“Face-to-face is necessary for that, it seems. There is something very special about being able to see the whites of their eyes across the table, to reach out and touch them, that no digital media can yet match.”
Seven pillars of friendship
Our knowledge of other people, which is built up by being in close contact, helps us bond and increase trust that others will meet our needs.
Sharing common cultural dimensions known as the “Seven Pillars of Friendship” — language or dialect, place of origin, educational path, hobbies and interests, worldview, musical tastes and sense of humor — can influence the strength and altruism of relationships, according to a prior analysis by Dunbar.
The pillars identify “what community you belong to” and the community “whose mores and behavior you understand in a very intuitive way,” Dunbar said in the review. These commonalities enable relationships to flow since both parties would better understand each other, share similar interests and have a sense of how much they can trust one another.
Emotional and physical closeness
At the core of human and primate friendships are being close in terms of spatial proximity and feeling close by emotional proximity, influenced by the time spent together.
“These ensure that bonded individuals stay together so that they are on hand when support is needed,” Dunbar said in the review.
To hold someone in your close friends layer, you need to see them at least once a week; the best friends layer at least once a month; the friends layer at least once a year, Dunbar said.
“Drop below those rates, and the person will slip into the layer below within a few months,” he added. “This is because the time you invest in direct interaction with someone determines the sense of emotional closeness you have with them — and the sense that this is mutual.”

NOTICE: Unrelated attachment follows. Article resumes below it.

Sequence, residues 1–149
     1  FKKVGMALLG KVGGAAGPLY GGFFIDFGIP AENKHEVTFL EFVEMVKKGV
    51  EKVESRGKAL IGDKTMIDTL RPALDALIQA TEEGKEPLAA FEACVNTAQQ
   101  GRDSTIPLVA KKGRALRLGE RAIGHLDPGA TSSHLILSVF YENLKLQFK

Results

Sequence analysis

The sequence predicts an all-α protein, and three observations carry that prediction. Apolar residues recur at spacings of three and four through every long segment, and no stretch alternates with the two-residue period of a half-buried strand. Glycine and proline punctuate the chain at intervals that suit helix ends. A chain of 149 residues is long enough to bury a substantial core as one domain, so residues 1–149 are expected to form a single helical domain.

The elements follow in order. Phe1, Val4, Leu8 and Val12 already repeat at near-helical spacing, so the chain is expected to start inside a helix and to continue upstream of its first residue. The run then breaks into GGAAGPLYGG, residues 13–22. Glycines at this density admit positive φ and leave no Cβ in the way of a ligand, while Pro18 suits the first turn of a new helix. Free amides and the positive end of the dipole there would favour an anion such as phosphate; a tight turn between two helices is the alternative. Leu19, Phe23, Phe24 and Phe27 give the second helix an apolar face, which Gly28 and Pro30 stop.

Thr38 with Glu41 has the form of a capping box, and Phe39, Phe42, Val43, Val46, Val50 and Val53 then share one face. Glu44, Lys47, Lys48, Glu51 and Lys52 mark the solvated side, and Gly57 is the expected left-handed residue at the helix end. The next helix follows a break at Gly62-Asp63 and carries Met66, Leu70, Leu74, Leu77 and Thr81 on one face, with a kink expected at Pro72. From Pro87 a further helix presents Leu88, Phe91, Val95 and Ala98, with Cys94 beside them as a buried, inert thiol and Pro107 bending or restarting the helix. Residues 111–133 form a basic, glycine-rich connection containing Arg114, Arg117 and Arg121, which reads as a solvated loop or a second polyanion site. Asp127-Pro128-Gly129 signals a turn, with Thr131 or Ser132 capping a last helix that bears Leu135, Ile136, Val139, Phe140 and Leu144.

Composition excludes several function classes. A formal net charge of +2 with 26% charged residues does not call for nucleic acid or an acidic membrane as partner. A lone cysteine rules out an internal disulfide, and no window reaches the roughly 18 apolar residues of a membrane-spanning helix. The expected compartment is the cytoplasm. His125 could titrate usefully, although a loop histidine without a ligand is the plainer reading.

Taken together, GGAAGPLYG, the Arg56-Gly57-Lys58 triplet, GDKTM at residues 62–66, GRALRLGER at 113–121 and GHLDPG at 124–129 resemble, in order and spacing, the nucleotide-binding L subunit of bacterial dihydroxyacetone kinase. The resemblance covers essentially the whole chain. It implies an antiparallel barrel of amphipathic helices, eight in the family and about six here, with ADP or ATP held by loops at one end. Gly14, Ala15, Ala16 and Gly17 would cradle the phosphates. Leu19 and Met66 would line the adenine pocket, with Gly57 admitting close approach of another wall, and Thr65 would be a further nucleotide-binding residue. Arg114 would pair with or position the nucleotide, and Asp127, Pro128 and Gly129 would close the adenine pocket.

The social and health consequences of personal ties
Trust and time available are crucial to social networks. When those are threatened by internal stressors or external threats (like a pandemic), relationships are at risk for declines in emotional strength, major upheavals or ultimately breaking down.
Because of the greater likelihood of forgiveness and inherent bond, family members have appeared to bounce back from the lack of opportunities to interact, Dunbar said. Friendships require more investment for constant connection and are more likely to fade when under threat.
Social breakdowns could have ill effects for our health, well-being and longevity, the review said. The number and quality of close friendships a person has can affect his or her happiness and capacity to recover from illness. Smaller social networks are associated with greater feelings of isolation and loneliness, which can affect rates of disease and death.
In light of the social distancing, quarantining and lockdowns imposed by Covid-19, Dunbar anticipated a few likely effects: a weakening of friendships that could make for awkward reunions; an increased effort to contact old friends after lockdowns; and fear of contracting the virus to reduce how often some people (introverts and the psychologically more cautious) visit places where they would encounter people they don’t know.
The inability to assess the behaviors and infection risk of low-rank friends and distant family members could result in smaller, more inverted social networks, Dunbar predicted. Network patterns may return to normal within a year, but some friendship ties might be weakened enough to become acquaintances, the review said.
“Focusing more time on close relationships may boost well-being in the short term,” Courtney said in an email. “In fact, recent research has observed a decrease in loneliness following the pandemic — this may reflect the fact that many people are now clinging to their closest ties. … Although physical contact is now much more limited, many of these other (virtual) bonding opportunities are just as abundant as ever.”
To keep up relationships, emotional closeness and trust during this time, stay in virtual touch as much as possible, Dunbar suggested.
And remind your loved ones, “I’m still here and thinking of you.”